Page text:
• Install fenders. These help to keep you, your bike, and your gear clean while cycling on wet roads. They can also increase the life of your drivetrain by keeping it cleaner. 
  • Install racks. The easiest and least expensive way to haul your gear is with a rack and pannier setup.
  • Upgrade the saddle. Because you’ll be spending so much time in the saddle while touring, you might want to replace it with a more comfortable option. Leather saddles are popular for touring. I like the Brooks B17 Standard Saddle. You can read my review of here.
  • Install a mirror. This is a great safety item to have for touring. It’s comforting being able to see cars approach as they pass. I like the Mirrycle MTB Bar End Mirror. You can read my full review here. For more info on mirrors, check out my complete guide to cycling mirrors.
  • Add lights. Even if don’t plan to ride at night, you’ll still want to have lights. They are necessary for safety.
  • Add water bottle cages. You’ll drink a lot of water while touring. The more you are able to carry, the better.  
  • Install platform or clipless pedals. To improve efficiency, you may want to swap your pedals out for clipless. You could also install large platform pedals for more comfort if you prefer them. To help you decide, check out my flat pedal vs clipless guide.

Of course, you could tour on your bike as-is. The above parts will just make your bike a bit more comfortable and efficient for long-distance rides.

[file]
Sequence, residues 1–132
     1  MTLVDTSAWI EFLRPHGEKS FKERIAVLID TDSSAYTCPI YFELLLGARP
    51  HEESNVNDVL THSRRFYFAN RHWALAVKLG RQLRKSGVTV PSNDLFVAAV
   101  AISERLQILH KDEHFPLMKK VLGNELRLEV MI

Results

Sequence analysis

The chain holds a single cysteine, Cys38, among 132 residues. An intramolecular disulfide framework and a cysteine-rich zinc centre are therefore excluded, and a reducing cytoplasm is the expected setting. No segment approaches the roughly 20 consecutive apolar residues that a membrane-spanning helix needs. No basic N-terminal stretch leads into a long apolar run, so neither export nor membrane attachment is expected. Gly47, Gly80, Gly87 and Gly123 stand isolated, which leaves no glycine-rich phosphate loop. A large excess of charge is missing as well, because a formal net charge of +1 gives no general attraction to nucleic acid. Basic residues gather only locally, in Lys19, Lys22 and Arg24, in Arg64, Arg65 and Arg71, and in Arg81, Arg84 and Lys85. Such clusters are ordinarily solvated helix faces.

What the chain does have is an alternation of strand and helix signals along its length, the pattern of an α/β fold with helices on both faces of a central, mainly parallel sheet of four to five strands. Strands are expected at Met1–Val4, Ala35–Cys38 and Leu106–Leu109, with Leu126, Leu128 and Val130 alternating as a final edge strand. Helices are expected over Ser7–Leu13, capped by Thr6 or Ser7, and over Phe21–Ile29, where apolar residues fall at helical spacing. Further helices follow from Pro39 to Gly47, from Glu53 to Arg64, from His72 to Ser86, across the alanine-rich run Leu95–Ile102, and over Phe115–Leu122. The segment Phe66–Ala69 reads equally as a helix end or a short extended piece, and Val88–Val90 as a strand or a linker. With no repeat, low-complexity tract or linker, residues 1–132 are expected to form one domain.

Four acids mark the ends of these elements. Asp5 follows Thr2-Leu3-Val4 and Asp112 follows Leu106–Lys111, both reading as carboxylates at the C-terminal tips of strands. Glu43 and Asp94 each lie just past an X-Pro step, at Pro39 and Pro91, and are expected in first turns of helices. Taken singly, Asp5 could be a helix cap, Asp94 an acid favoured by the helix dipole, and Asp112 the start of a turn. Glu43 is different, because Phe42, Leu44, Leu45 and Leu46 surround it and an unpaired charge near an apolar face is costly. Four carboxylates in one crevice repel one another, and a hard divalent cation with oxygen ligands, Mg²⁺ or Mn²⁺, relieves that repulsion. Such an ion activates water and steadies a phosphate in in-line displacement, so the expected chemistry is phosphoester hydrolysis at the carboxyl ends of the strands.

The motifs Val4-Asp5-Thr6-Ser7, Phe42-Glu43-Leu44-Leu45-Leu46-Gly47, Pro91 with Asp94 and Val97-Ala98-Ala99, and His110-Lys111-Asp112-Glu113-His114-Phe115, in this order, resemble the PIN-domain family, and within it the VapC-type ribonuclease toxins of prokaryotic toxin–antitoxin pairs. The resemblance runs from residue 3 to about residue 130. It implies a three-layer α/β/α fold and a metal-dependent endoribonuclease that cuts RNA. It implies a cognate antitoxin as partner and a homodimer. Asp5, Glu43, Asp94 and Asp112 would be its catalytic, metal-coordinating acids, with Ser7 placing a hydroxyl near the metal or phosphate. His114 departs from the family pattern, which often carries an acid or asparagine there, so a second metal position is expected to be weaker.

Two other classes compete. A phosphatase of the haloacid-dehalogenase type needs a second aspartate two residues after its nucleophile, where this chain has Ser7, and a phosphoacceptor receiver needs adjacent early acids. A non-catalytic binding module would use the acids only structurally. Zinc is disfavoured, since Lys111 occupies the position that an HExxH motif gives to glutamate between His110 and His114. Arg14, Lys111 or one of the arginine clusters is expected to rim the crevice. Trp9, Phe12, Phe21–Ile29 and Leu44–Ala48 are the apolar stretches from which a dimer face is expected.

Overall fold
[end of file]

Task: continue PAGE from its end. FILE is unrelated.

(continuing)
Repairs and Maintenance That You May Need to Make Before You’re Ready to Tour

Most of these old mountain bikes are pretty bombproof. With a bit of bicycle mechanical knowledge, a few basic tools, and a few hours of your time, you should be able to get your old mountain bike riding like new. Here’s what I recommend you do before setting out on tour:

Step 1: Clean the Bike

Once you purchase your bike, you will want to give it a good cleaning before starting any repairs. When everything is clean, you’ll be able to more easily determine what needs to be done as far as maintenance and repairs.

Step 2: Grease the Bearings

Because we most likely don’t know the history of the bike and we are going to be putting a lot of miles on it, I recommend you at least grease the hubs. You may also want to check for play in the bottom bracket and grease it or replace it if necessary. Check the headset and grease it as well if necessary.